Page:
The Religion, a "review"

The Religion
Tim Willocks
Farrar, Straus & Giroux, 640 pp

My days of writing book reviews are long over, but not my desire to recommend books or to “discover” new authors—which in this case means discovering someone who has been writing fiction for a number of years and who I’ve only just stumbled upon. The Religion is a big fat, incredibly satisfying historical novel set during the Siege of Malta in 1565. It is apparently the first of three novels chronicling the life of Mattias Tannhauser, and the historical period is rich in possibilities.

Tannhauser has returned to the West after spending years as a Janissary in the service of Suleiman the Magnificent and has been dedicating himself to trade and sensuality, both of which conspire to place him inside the beleaguered fortress with “The Religion”, the Knights Hospitaler’s headquarters in Malta, as thousands and thousands of Turkish warriors descend on the island, determined to put an end to the fighting monks, who they view as terrorists.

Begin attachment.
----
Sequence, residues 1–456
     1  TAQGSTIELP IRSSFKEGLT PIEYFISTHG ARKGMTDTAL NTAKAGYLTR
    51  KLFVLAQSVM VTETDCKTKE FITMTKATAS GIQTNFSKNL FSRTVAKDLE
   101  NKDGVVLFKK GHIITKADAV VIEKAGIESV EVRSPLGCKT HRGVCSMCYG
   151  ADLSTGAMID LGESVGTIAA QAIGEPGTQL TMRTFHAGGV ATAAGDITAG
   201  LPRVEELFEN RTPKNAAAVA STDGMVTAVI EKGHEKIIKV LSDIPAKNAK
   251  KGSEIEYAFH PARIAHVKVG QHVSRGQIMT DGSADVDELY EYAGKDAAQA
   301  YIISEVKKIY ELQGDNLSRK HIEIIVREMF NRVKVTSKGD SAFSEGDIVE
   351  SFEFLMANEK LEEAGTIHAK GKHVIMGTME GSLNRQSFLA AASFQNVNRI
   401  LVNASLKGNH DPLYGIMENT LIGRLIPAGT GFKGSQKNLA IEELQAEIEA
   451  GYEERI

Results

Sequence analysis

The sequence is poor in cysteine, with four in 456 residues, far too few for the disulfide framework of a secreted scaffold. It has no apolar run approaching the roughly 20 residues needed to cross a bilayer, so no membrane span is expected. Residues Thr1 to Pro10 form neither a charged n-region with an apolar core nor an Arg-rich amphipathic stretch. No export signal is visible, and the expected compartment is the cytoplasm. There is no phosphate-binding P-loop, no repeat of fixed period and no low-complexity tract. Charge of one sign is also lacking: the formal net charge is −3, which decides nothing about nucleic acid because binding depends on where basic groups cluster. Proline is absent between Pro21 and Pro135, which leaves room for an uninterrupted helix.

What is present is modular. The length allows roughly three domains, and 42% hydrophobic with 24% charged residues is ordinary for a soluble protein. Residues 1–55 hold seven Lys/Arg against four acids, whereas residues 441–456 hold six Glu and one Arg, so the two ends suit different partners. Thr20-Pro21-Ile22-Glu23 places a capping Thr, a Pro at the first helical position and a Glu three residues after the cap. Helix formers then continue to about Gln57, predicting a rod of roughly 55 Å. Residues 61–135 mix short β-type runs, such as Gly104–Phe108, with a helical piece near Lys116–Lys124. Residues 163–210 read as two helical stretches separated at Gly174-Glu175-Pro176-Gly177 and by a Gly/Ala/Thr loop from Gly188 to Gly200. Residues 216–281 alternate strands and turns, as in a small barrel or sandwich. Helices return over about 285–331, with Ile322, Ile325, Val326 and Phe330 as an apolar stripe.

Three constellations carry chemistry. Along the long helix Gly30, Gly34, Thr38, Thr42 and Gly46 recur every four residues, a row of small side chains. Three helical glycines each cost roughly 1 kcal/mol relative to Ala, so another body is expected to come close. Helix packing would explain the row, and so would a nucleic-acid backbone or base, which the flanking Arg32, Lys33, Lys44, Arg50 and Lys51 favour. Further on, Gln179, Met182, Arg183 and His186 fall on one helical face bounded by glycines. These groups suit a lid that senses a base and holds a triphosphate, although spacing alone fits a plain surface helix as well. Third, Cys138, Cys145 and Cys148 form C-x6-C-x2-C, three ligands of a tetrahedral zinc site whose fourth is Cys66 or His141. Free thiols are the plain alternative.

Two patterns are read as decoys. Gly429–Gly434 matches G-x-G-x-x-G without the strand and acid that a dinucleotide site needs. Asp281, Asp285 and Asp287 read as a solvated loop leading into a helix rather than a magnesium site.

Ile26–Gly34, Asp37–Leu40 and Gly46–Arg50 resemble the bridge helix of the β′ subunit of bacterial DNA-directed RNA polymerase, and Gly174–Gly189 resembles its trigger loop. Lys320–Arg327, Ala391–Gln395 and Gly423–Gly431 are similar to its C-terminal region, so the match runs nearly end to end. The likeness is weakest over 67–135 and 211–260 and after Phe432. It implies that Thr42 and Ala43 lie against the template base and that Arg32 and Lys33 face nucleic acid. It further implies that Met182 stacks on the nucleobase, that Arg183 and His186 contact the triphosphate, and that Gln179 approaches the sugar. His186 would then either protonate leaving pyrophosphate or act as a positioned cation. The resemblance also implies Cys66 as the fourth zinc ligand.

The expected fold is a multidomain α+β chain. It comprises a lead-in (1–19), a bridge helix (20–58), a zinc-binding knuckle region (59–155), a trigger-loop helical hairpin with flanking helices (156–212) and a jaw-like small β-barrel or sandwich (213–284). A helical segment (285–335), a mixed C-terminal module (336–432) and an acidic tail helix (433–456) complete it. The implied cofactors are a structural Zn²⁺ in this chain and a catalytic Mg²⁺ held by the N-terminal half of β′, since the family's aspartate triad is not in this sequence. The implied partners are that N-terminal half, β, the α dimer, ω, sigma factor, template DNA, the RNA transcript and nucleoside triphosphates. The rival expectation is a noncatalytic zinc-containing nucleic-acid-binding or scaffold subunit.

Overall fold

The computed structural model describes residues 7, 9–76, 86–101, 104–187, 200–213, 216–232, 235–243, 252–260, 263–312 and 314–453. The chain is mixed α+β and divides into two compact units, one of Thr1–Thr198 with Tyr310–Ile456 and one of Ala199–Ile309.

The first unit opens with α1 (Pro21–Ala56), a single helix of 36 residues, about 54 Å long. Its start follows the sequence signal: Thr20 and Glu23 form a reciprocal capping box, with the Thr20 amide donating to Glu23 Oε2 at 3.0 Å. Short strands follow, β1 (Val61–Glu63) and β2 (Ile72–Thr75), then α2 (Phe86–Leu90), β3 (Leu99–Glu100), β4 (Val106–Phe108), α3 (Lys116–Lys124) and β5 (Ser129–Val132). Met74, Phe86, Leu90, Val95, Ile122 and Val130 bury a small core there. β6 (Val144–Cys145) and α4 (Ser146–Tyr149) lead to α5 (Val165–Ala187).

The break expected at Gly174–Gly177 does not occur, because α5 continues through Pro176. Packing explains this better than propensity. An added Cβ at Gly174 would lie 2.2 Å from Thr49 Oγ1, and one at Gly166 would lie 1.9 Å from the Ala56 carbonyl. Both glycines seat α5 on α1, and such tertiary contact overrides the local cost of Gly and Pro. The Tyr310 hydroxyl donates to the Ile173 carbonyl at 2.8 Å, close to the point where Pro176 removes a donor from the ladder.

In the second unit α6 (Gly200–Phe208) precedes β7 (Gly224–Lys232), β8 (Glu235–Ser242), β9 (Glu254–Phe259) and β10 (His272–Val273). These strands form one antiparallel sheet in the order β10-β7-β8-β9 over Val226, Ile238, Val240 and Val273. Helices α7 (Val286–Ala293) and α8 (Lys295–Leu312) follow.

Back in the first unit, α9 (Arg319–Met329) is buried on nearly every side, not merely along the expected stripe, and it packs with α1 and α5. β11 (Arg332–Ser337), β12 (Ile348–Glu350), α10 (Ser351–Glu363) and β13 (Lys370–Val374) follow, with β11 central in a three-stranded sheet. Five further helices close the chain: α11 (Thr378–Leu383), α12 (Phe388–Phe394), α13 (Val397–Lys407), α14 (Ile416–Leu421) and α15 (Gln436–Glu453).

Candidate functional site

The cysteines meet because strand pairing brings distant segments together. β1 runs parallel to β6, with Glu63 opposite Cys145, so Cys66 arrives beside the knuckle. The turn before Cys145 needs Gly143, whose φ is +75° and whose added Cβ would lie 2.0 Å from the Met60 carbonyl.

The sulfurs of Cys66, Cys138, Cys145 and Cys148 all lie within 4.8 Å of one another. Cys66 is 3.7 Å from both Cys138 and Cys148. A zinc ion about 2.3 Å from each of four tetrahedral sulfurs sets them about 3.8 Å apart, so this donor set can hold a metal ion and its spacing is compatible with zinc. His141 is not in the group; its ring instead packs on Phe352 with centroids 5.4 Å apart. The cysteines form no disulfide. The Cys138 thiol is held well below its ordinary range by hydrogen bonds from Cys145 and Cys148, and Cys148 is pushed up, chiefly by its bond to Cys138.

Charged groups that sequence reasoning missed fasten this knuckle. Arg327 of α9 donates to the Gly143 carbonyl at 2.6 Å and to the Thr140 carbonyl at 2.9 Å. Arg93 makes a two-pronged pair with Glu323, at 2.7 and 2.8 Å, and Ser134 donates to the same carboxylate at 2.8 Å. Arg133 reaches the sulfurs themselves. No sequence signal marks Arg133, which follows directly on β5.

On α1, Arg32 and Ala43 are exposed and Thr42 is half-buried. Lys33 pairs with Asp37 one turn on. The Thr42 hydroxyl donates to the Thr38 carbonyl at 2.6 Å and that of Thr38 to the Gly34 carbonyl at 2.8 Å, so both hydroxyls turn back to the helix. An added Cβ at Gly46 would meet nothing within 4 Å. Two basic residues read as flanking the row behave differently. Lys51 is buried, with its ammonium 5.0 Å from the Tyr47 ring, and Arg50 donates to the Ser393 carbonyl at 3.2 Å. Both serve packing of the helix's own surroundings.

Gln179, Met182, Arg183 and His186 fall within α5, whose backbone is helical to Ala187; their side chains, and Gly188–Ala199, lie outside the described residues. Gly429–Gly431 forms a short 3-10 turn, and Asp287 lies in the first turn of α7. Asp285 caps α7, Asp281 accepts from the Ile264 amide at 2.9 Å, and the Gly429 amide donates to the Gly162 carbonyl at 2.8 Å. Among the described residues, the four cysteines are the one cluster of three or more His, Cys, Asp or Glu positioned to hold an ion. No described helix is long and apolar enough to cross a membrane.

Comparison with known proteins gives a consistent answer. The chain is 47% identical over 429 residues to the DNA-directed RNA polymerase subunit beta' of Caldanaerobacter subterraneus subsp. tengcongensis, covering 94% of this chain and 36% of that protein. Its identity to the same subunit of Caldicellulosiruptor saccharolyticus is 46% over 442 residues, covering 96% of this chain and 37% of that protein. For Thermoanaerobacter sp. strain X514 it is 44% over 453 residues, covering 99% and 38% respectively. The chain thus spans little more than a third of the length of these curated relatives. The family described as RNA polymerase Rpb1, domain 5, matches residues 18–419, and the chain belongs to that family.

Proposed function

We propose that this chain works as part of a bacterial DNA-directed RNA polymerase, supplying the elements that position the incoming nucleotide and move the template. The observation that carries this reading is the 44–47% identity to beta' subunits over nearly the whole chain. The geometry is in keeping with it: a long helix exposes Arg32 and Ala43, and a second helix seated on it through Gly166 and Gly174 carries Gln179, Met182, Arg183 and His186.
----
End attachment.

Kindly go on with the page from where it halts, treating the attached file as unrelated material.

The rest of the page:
Willocks has chosen a fascinating period in European history and done an incredible amount of research. This is still a period preceding the rise of nations in the West, with a great struggle between the Church and the wave of Protestantism, the Muslim East and the great array of languages and principalities. Tannhauser is a terrific vehicle for the story, as a man who has lived among the Ottomans and the “Franks”. Willocks reminds me very much of the late Dorothy Dunnett, except, well, far more violent, brutal and explicit, much like Bernard Cornwell’s Sharpe only, well, far more violent, brutal and explicit. Willocks surrounds Tannhauser will a host (literally) of other fascinating characters, all of whom felt to me as though they were human and rooted in their time, rather than 21st Century characters transplanted to the 16th.